Develop an Exercise Routine

Exercise plays a huge role in keeping you healthy and your immune system strong. Exercise causes change in antibodies and white blood cells that affects the immune system in a positive way. Exercising regularly also helps keep you at a healthy weight which can fight disease. 

Plus, being active keeps you outside in fresh air, where viruses don’t spread as easily. To reap the benefits of exercise, you should workout three to five times a week for 30 minutes a day. This might seem tough when you’re busy with classes and extracurriculars, but it’s important to make exercise a priority. 

Make an Effort to Eat Healthy

It’s no surprise that in addition to adding exercise to your regime, a healthy and balanced diet will help keep you well as you head back to campus. You should eat a variety of foods and avoid processed foods. Processed foods are more likely to be high in saturated fats. Research shows that diets high in saturated fats may contribute to a less healthy immune system. 

Also eat plenty of veggies and fruits of all different colors. Eating greens like spinach have huge benefits to your health and wellness. Spinach is rich in antioxidants and vitamin C, so you get double the effect in giving your body the nutrients you need. Foods like bell peppers, garlic and broccoli also have positive effects on health. 

Sometimes you’ll have to eat fast food or eat out. Try and look for healthy options on menus and make a point to add in greens. Green smoothies are a great way to incorporate a quick, healthy meal on the go.

As you head back to campus, there are many habits you can incorporate into your daily life to support your health. Being mindful of your mental health is just as important as taking care of your physical health. It’s smart to protect yourself from an unexpected medical withdrawal with tuition insurance. Keep these tips in mind as you prepare for the fall!

BIO: Brett Clawson has a degree in Business Management and has started a couple of small businesses. When he’s not focusing his time on those, he spends time with his wife and two sons. His oldest son has entered the wonderful realm of college, and he now enjoys sharing tips that he and his son have found essential for college life.

Health Student Life

5 Alternatives to Reset Your Mind, Body And Career After Pandemic Inactivity

May 10, 2021

The pandemic caused substantial changes to our lifestyles. Stay-at-home orders and social distancing generally made us more sedentary and unhealthy, from many points of view. The average person probably put on a few pounds. More so, many people’s mental happiness may have declined due to a lack of socialization. Thankfully, we’re starting to see the end of lockdowns, and we can begin rebuilding our minds, body, and career. Combine physical exercise, healthy food, and meditation, and you’ll feel better, stronger, and more capable of advancing your career.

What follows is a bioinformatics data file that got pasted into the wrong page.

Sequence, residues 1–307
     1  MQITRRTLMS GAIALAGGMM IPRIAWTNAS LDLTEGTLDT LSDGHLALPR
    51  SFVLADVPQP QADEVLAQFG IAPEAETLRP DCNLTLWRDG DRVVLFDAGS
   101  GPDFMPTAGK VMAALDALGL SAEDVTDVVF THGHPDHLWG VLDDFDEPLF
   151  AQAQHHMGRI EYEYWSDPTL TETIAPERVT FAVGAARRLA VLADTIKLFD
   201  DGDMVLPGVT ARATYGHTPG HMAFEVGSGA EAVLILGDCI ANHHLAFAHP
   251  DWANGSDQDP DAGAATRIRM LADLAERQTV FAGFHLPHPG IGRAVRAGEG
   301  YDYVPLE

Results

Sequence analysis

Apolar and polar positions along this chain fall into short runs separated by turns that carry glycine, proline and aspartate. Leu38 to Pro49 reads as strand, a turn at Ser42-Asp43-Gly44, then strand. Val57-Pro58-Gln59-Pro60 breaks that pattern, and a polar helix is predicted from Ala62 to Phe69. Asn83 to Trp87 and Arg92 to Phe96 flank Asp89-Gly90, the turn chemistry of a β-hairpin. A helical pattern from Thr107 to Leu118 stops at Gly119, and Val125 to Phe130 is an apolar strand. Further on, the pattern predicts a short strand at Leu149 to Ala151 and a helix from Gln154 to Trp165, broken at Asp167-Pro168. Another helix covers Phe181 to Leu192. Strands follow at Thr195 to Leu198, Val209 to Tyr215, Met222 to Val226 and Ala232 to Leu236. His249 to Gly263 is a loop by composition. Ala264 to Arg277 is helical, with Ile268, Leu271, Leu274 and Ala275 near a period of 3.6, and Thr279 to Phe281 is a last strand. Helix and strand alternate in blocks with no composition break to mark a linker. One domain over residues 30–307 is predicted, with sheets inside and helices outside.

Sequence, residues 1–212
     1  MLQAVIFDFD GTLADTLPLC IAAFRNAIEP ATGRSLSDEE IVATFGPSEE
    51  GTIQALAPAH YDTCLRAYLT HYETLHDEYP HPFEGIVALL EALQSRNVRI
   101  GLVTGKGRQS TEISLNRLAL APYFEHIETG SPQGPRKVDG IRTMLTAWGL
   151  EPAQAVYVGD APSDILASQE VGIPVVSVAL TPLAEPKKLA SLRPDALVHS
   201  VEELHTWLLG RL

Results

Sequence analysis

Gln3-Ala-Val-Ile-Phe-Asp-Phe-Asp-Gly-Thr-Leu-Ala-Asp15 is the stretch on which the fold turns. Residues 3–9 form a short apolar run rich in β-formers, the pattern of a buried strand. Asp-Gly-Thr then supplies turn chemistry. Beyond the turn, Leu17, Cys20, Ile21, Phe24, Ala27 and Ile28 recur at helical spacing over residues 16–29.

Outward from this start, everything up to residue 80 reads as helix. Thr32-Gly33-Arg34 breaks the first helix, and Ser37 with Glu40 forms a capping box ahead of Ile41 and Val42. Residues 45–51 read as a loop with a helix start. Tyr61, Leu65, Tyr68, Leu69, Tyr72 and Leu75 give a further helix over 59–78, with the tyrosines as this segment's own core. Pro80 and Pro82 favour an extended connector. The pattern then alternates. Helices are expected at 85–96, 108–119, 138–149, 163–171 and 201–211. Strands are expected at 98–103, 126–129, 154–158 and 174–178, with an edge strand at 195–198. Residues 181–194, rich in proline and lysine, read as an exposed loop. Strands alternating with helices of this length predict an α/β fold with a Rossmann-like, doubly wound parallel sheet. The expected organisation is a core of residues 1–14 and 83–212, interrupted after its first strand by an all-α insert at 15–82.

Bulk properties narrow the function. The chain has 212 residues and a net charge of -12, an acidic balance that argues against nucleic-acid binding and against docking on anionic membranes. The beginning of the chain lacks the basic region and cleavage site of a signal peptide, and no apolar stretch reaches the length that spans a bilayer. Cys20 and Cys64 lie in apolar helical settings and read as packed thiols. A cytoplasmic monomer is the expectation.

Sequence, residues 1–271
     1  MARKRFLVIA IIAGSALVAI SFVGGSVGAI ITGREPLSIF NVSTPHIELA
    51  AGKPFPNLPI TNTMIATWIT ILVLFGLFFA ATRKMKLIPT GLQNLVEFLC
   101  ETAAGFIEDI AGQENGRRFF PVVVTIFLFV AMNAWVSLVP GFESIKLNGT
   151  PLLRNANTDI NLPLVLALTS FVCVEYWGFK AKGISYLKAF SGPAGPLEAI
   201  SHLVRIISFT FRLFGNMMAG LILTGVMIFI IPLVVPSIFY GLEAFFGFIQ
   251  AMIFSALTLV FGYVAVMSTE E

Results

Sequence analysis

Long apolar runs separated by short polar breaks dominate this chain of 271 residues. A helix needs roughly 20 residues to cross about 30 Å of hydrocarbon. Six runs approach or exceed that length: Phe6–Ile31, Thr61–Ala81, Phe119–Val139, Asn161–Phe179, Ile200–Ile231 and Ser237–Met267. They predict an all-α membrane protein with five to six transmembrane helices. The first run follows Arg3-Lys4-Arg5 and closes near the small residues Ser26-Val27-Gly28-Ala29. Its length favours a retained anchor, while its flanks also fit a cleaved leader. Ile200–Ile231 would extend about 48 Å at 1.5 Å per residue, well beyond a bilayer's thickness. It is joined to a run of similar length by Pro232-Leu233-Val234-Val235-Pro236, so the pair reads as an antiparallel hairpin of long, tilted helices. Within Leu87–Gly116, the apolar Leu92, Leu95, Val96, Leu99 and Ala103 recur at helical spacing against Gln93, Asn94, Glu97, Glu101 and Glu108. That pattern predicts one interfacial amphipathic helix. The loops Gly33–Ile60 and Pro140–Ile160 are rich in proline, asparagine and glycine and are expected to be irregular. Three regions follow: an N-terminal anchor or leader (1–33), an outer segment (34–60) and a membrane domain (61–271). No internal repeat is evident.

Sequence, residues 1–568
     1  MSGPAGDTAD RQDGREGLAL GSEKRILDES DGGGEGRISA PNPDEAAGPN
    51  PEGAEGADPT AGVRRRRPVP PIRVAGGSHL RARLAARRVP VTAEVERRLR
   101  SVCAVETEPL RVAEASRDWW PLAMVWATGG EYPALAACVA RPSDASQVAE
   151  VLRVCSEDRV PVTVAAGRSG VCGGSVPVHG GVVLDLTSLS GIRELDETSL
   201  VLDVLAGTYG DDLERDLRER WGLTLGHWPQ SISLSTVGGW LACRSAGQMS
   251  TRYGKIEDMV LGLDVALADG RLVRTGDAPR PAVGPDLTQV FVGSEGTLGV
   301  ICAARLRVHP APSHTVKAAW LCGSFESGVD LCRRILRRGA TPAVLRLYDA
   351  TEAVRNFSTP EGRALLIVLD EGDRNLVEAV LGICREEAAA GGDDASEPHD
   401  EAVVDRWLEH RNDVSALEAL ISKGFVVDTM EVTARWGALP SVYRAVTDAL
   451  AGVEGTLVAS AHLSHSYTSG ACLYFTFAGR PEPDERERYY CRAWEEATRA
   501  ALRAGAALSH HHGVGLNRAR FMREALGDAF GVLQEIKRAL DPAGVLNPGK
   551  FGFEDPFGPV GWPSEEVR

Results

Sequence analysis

Let’s explore five alternatives to reset our system:

1. Combating occupational disease

Deskbound jobs are dangerous if left unchecked. And if office jobs were problematic before, nowadays, the issue is greater. The combination between the static nature of desk jobs and the pandemic’s general inactivity is highly detrimental to our health. Sedentarism, or lack of activity, can cause many health problems. Too much sitting can lead to chronic pain, cardiovascular problems, and metabolic issues. That’s why it’s vital to contrast it with regular breaks. As a general rule, you should take a 5-minute break every half an hour. This might be taking a few steps around your room, or even grabbing a cup of water or coffee.

Alternatively, people that spend too much time on their feet are also at risk. Standing too much can strain leg muscles, ligaments, and veins. Just as you would take a break from sitting down all day, take a few breaks from standing to sit for a few minutes.

2.   Sport, self-massage, and stretching

Apart from small work breaks, you should work out a few times a week and stretch daily. Physical activity is one of the best ways to replenish health, according to research. Workouts don’t have to be complex or take up a big part of your day. You can use your own bodyweight or opt for weights. Search the internet for beginner home workouts and get right into it. Put on some music and make a party out of it! 

Also, don’t forget to include heart exercises. Even in tight spaces, you can still perform jumping jacks, burpees, and similar cardio drills that will do wonders for your whole body.

Don’t forget how important it is to stretch and massage your muscles after a work out! Take 5 to 15 minutes to do a few stretches. For muscle soreness, using a foam roller will help with this.

3.   Plant-based nutrition, hydration, and sleep

The general eating trend of the pandemic is delivery food. We’ve all been there. Unfortunately, fast food damages our physical health and keeps us from being happy with ourselves. If you want to improve yourself beyond recognition, start integrating plant-based meals into your diet; this means little to no animal products. It may seem challenging, but the rewards are well worth it. Don’t know where to start? Here are the basics:

  • Fruits in a large variety. Incorporate a piece of fruit in meals or swap them out for an afternoon snack.
  • Vegetables should be your foundation. Eat them raw, boiled, and cooked.
  • Tubers like potatoes, beets, carrots will give your body energy for longer periods.
  • Whole grains like rice, grains, oats, barley help with digestion and balances your system.
  • Legumes such as beans, lentils, pulses are fantastic sources of protein without inflammatory components. 

Sleeping and drinking enough water are also fundamental. Generally, you want eight hours of quality rest. Furthermore, the “8 by 8 rule” is a terrific way of keeping count of your water intake: drink eight 8-ounce glasses of water daily.    

4.   Meditation and yoga

Just about everybody knows about meditation and yoga, but very few practice it. There’s a reason why similar disciplines became so popular even in the Western world – it’s because they work. For instance, Hatha yoga and Tai chi are excellent practices for newbies. Search online for a few simple routines, try them for a little bit, and see how you feel.